White Sox

White Sox free-agent focus: Manny Machado

White Sox free-agent focus: Manny Machado

This week, we’re profiling some of the biggest names on the free-agent market and taking a look at what kind of fits they are for the White Sox.

White Sox fans have been eyeing Manny Machado as a potential free-agent addition for years, and now Machado’s time in the free-agent spotlight has finally come.

But at least on Twitter, Machado is no longer the universally agreed-upon, must-have addition to this rebuilding effort he once was. Machado generated countless headlines with his words and actions during the playoffs this October, causing many a fan to sour on the 26-year-old four-time All Star. He didn’t run out a ground ball, not exactly a cardinal sin — unless you play for Rick Renteria, more on that in a bit — but made matters so much worse when he said hustling wasn’t his cup of tea. Then he interfered with a couple double-play turns and appeared to intentionally drag his foot over the leg of Milwaukee Brewers first baseman Jesus Aguilar.

On-field antics are nothing new for Machado. He’s thrown a batting helmet and a bat at opposing players in the middle of games, and he had a notorious spikes-up slide into Boston Red Sox second baseman Dustin Pedroia. But the playoff shenanigans brought his on-field style into the national limelight, and White Sox fans noticed.

But how much difference will it all make in the end? Machado is still expected to receive one of baseball’s all-time biggest contracts considering he’s still young and has a remarkable track record of success with the bat and the glove. He’s thrice finished in the top 10 in AL MVP voting and won a pair of Gold Gloves at third base. He’s coming off a career year, finishing the 2018 regular season with a .297/.367/.538 slash line, 37 home runs and 107 RBIs — all those numbers the best of his seven-year career.

When it comes to the White Sox specifically, he of course fits with their long-term plans at just 26. He’d be an obvious upgrade for a team that lost 100 games last season and would slot into the middle of their order for years to come. They’re reportedly interested in Machado — along with the other biggest name in this year’s free-agent class, Bryce Harper — with mentions of their interest dating back to last year’s Winter Meetings. But interest has to be mutual, and Machado’s been mentioned as desiring to play for the New York Yankees, who could use a shortstop while Didi Gregorius recovers from Tommy John surgery.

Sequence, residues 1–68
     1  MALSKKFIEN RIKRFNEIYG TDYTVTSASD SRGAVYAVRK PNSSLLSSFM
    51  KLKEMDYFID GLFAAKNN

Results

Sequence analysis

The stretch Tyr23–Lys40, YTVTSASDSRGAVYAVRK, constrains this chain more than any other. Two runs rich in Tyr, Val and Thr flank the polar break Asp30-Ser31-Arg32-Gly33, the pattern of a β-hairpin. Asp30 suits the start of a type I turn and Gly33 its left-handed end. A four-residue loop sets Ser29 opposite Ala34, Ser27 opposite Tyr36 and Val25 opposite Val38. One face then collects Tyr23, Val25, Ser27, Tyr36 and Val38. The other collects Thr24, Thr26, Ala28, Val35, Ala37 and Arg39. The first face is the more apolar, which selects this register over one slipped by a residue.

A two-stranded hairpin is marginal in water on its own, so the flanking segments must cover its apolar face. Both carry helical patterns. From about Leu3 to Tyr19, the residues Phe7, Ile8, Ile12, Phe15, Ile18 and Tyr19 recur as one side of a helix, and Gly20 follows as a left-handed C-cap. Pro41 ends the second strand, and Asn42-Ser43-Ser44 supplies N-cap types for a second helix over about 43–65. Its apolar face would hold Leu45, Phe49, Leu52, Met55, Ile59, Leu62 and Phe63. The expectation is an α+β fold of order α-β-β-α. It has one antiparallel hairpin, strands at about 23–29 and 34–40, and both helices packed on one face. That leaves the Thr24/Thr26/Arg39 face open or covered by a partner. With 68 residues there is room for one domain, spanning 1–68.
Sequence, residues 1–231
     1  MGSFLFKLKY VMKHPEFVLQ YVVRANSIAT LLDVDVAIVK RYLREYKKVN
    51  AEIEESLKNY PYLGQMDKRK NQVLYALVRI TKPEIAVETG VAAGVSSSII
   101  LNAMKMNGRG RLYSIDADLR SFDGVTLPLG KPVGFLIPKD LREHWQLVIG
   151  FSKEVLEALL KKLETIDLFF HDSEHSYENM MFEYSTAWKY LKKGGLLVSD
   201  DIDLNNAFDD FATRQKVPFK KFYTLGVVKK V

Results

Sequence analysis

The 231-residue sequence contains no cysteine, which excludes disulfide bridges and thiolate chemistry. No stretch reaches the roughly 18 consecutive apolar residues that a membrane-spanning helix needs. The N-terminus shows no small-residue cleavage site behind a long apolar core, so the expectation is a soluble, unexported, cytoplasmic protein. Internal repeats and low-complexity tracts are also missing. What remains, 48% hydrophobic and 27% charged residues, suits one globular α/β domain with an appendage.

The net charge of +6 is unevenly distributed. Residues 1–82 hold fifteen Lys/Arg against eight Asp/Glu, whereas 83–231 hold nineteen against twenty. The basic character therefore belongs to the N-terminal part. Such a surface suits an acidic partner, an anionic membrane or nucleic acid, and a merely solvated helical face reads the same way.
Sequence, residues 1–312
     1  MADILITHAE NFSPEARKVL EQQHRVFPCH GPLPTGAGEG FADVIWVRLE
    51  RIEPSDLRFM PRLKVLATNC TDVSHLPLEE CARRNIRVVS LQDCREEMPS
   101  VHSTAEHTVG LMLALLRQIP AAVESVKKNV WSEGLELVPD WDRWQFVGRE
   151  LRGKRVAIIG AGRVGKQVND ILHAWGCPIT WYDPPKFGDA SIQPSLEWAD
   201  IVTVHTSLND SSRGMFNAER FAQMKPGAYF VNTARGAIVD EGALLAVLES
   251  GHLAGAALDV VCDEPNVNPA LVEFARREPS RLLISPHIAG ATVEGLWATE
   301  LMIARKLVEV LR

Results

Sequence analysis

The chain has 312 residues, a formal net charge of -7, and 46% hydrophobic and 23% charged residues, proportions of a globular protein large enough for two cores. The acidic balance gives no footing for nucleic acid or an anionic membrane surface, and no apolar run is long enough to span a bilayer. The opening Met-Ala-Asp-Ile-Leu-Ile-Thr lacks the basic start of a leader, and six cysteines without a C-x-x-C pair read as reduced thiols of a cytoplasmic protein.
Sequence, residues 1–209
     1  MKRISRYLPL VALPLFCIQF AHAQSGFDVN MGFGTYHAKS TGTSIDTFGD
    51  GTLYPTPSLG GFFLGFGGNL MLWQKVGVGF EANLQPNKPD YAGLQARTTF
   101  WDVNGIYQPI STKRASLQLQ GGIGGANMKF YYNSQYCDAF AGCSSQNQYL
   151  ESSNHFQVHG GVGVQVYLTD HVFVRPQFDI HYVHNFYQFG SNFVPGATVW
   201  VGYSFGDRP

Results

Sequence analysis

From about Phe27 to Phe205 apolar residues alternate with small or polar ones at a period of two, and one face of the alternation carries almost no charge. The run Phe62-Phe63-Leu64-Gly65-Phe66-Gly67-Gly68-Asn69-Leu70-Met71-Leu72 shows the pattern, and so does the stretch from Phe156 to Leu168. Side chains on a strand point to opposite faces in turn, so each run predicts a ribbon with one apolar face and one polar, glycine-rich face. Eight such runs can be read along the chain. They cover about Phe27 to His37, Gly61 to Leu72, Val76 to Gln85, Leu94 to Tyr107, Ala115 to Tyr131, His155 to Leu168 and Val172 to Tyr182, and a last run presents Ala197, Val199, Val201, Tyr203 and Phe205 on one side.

Plus, there are some White Sox related questions that would accompany Machado that wouldn’t apply to Harper.

First, the White Sox have a long-term shortstop in Tim Anderson, whose defensive improvement was one of the biggest highlights of the 100-loss 2018 campaign for the South Siders. Anderson earns consistent rave reviews from White Sox brass, and while Machado is a Gold Glove third baseman — a position where the White Sox do have an apparent long-term need — he was rather insistent on playing shortstop this year and figures to still have such a desire to stay at that position. Would Anderson thrive elsewhere on the field? Would Machado be willing to move back to third for the right contract?

And then there’s Renteria, who made a habit of benching players for not running out ground balls, pop ups and line outs throughout the season. No type of player was safe from Renteria’s punishments, with Avisail Garcia, the White Sox lone 2017 All Star, getting a benching during a spring training game. How would Machado, who insists he’ll never be “Johnny Hustle,” fit in with Renteria’s culture? For what it’s worth, general manager Rick Hahn once again committed to that culture during last week’s GM Meetings. He also revealed just how committed the White Sox are to Renteria in confirming a previously unannounced extension for the skipper.

Whether any of the addressed stuff outside the MVP-caliber production ends up mattering in a union between Machado and whatever team ends up signing him remains to be seen. But he will without a doubt make that team a better one.


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One analyst says White Sox are current front runner for Bryce Harper


One analyst says White Sox are current front runner for Bryce Harper

LAS VEGAS — The White Sox reported pursuit of Bryce Harper might be aggressive enough that it's made them the front runner to land baseball's biggest free agent.

According to CBS Sports baseball analyst Jim Bowden, the White Sox are leading the pack right now, potentially the team willing to offer the longest and richest contract to the top name on this winter's free-agent market.

As discussed in recent days at the Winter Meetings, the White Sox are beginning to look like a more and more realistic fit for Harper as other teams seem to be dropping out. The New York Yankees and St. Louis Cardinals insist they're not interested in Harper, and the Cubs have been discussing their financial constraints all offseason. The Los Angeles Dodgers and Philadelphia Phillies were mentioned along with the White Sox as potential finalists earlier this week, with the caveat that the Dodgers would have to do a lot to clear room for Harper. The Phillies, meanwhile, have vowed to spend "stupid" and seem to have the same amount of financial ability to land Harper as the White Sox, who have almost no long-term financial commitments to speak of.